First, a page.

Well known as a compassionate and instructive ceramics teacher, Hui Ka-Kwong left his make on the art world with his whimsical Pop Art ceramics. Born in Canton, china in 1922, he studies painting and sculpture at the Shanghai School of fine Arts and then at the Kwong Tung School of Art in Guangzhou, Canton. He was an apprentice to sculptor Cheng Ho, but did not have formal instruction in ceramics until he immigrated to the United States in 1948. He first studied under artist Marguerite Wildenhain, at the Pond Farm Workshop in Guerneville, California. He lived and worked in Wildenhain’s studio, observing her skills with the potter’s wheel. He then went on to study at Alfred University, which at the time was, one of the most prestigious ceramic programs in the United States, where he earned his BFA in 1951 and MFA in 1952.
After graduation, he moved to New York City and accepted a teaching appointment at the Brooklyn Museum School, eventually becoming the head of the ceramics department. During this time, he continued to make his own art and maintain a Manhattan art studio. This first teaching job was the start of a long teaching career. Hui was considered to be a prominent arts educator and was influential in the development of many arts students in the Northeast region of the United States. Indeed, many of the art teachers in the region today were Hui’s students. He also taught at Douglass and Rutgers University.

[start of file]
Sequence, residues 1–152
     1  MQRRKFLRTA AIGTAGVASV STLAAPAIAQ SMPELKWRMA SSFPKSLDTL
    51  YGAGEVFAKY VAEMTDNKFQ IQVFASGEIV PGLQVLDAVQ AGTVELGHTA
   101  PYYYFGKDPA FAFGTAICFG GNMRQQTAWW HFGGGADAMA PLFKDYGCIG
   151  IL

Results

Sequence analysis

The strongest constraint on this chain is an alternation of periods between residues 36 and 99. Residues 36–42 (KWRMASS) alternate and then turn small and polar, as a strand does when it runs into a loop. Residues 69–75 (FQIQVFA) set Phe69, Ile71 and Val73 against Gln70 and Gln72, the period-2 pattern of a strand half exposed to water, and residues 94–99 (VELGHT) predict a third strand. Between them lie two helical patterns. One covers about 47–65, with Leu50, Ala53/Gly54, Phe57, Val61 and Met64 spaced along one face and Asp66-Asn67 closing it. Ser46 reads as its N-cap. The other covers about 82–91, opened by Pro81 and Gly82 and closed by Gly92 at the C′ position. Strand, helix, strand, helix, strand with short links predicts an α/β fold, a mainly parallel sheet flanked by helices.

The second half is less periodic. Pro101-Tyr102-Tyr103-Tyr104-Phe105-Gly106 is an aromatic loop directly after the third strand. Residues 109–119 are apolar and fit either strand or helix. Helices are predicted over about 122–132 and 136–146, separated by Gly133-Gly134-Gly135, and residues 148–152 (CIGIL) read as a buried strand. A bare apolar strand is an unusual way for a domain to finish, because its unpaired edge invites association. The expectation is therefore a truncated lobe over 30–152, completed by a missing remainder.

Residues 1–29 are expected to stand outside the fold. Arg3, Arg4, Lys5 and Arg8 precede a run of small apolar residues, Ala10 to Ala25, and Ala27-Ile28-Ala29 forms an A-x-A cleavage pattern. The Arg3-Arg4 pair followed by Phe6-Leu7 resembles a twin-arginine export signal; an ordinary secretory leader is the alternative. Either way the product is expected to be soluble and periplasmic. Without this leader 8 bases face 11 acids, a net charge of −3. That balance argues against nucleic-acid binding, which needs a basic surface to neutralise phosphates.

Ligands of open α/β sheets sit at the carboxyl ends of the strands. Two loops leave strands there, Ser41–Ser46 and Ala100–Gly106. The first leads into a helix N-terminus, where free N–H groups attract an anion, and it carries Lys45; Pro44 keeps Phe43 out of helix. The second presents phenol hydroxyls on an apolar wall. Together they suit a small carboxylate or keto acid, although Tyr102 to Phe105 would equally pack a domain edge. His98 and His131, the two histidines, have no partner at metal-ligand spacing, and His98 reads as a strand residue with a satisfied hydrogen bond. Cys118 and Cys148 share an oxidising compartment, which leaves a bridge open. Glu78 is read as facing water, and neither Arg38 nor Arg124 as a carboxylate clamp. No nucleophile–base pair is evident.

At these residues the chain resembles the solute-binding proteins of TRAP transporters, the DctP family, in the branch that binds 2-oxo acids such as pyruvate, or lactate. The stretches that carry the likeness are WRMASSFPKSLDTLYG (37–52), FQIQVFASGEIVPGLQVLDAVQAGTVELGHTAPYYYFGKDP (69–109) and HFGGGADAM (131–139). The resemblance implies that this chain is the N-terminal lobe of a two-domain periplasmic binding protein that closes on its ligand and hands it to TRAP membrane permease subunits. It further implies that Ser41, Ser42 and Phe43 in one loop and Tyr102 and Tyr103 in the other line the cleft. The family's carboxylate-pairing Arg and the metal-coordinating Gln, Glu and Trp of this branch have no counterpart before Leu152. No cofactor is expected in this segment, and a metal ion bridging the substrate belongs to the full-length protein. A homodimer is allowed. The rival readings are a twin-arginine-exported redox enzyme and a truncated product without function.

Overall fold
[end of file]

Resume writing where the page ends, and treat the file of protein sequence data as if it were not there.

His work started to receive recognition in the mid-1960’s, partly due to his relationship and collaborations with artist Roy Lichtenstein. Lichtenstein invited Hui to create a series of cup sculptures and ceramic mannequin heads, which led to experimentation with his own art. Hui’s Pop Art forms, with hard edges and bright colors, are also informed by a Chinese aesthetic that calls for symmetry and function; many of his ceramic works were lamps and mirrors. Although Hui maintains the functionality of craft ceramics, his work is considered to be the most successful in closing the gap between craft and fine art (Carney).
His style continued to evolve throughout his career, and he experimented with form, glazes and firing resulting in a vast and diverse oeuvre.
Hui was honored with a fellowship from the American Craft Council College. Additionally, his ceramics have been shown in numerous museums and galleries around the world, including Cannes International Ceramic Exhibition, France, Metropolitan Museum of Art in New York City, Munson-Williams-Proctor Museum of Art in Utica, NY, Brooklyn Museum, Museum of Contemporary Crafts in New York City, Memorial Art Gallery, University of Rochester, and New Jersey State Museum in Trenton.
Hui spent his retirement years with his wife, Eva Bouzard-Hui, in Calwell, New Jersey. He continued to make art and worked in his garden. He died on October 17, 2003. Hui ka-Kwong, a compassionate and revered educator, left behind ceramics that reflect a fusion of Chinese and American styles elevating craft ceramics to the museum level status of fine art.
Source: Encyclopedia of Asian American artists By Kara Kelley Hallmark